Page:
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Authors

  1. Brewer, Barbara B. PhD, RN, FAAN
  2. Carley, Kathleen M. PhD
  3. Benham-Hutchins, Marge M. PhD, RN
  4. Effken, Judith A. PhD, RN, FAAN
  5. Reminga, Jeffrey MS
  6. Kowalchuck, Michael BS

Abstract

OBJECTIVE: The aim of this study was to compare information sharing and advice networks' relationships with patient safety outcomes.

 

BACKGROUND: Communication contributes to medical errors, but rarely is it clear what elements of communication are key.

 

METHODS: We investigated relationships of information-sharing and advice networks to patient safety outcomes in 24 patient care units from 3 hospitals over 7 months. Web-based questionnaires completed via Android tablets provided data to create 2 networks using ORA, a social network analysis application. Each hospital provided nurse-sensitive patient safety outcomes.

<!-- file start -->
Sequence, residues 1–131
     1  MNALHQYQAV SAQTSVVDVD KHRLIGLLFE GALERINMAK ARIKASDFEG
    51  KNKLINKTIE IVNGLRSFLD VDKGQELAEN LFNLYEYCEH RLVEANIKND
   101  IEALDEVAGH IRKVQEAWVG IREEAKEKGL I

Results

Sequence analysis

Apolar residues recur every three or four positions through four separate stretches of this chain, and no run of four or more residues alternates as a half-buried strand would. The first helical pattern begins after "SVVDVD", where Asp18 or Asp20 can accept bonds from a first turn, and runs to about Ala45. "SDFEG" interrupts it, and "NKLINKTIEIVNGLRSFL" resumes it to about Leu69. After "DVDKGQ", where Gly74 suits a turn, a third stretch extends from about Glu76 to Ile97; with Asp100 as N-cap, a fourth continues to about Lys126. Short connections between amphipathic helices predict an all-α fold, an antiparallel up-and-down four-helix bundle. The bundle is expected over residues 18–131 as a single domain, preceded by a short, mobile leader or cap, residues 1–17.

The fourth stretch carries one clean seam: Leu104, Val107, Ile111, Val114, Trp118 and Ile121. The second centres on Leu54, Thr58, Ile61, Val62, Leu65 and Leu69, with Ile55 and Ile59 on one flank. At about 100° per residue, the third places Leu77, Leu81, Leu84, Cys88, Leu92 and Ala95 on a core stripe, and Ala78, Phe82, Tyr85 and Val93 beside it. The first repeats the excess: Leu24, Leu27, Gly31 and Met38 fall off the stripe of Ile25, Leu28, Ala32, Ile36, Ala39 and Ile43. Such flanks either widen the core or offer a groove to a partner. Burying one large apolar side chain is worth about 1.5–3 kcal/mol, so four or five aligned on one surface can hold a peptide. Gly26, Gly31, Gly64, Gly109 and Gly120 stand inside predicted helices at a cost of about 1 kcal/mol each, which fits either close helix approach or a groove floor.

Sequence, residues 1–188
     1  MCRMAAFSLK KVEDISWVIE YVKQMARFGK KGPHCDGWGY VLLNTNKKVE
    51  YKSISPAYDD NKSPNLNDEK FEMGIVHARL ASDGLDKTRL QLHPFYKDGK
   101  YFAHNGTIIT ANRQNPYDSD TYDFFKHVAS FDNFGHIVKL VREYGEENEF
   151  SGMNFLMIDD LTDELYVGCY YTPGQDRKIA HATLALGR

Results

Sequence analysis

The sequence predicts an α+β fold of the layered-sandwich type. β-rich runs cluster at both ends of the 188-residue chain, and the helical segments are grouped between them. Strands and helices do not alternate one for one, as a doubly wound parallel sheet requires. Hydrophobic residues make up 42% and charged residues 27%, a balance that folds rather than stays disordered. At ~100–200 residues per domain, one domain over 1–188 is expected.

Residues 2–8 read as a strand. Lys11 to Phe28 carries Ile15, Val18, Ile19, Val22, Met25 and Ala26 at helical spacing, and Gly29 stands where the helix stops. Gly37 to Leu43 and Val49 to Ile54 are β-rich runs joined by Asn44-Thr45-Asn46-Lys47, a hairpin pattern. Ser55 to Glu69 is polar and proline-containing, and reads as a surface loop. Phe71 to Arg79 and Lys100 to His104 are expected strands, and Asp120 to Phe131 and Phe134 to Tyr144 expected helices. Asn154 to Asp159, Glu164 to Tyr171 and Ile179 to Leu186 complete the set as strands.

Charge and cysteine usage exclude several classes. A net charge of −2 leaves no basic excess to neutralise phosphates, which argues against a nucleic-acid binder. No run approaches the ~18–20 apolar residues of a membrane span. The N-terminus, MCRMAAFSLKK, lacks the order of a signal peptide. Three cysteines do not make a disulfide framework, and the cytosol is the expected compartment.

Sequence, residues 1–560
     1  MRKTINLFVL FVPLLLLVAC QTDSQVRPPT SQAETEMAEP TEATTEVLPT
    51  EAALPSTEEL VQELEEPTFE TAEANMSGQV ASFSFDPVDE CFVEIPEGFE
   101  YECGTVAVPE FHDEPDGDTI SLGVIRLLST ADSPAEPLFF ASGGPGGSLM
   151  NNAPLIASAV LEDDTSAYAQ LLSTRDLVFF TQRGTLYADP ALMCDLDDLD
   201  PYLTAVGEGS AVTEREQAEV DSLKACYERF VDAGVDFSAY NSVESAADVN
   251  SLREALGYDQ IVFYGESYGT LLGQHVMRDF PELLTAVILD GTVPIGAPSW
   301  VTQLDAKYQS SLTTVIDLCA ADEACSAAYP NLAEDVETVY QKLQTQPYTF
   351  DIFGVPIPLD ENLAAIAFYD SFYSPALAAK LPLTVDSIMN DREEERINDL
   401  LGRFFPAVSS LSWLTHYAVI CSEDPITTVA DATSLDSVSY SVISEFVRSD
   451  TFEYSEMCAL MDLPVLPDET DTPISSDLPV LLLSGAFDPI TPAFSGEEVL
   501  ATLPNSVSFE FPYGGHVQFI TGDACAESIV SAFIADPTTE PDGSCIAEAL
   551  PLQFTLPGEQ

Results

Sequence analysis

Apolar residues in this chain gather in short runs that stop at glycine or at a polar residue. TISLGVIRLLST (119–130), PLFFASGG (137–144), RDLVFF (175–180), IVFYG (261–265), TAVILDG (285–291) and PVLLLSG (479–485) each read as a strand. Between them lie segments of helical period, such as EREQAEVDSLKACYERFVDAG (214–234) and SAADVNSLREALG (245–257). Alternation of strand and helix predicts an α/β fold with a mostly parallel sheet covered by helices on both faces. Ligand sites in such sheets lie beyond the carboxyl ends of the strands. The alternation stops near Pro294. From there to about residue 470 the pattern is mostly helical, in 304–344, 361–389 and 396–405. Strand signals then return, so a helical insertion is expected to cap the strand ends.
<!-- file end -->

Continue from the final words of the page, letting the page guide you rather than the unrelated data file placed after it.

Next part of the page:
RESULTS: In both networks, medication errors correlated positively with node count and average distance and negatively with clustering coefficient. Density and weighted density negatively correlated with medication errors and falls in both networks. Eigenvector and total degree centrality correlated negatively with both safety outcomes, whereas betweenness centrality positively related to falls in the information-sharing network.

 

CONCLUSION: Technology-enabled social network analysis data collection is feasible and can provide managers actionable system-level information.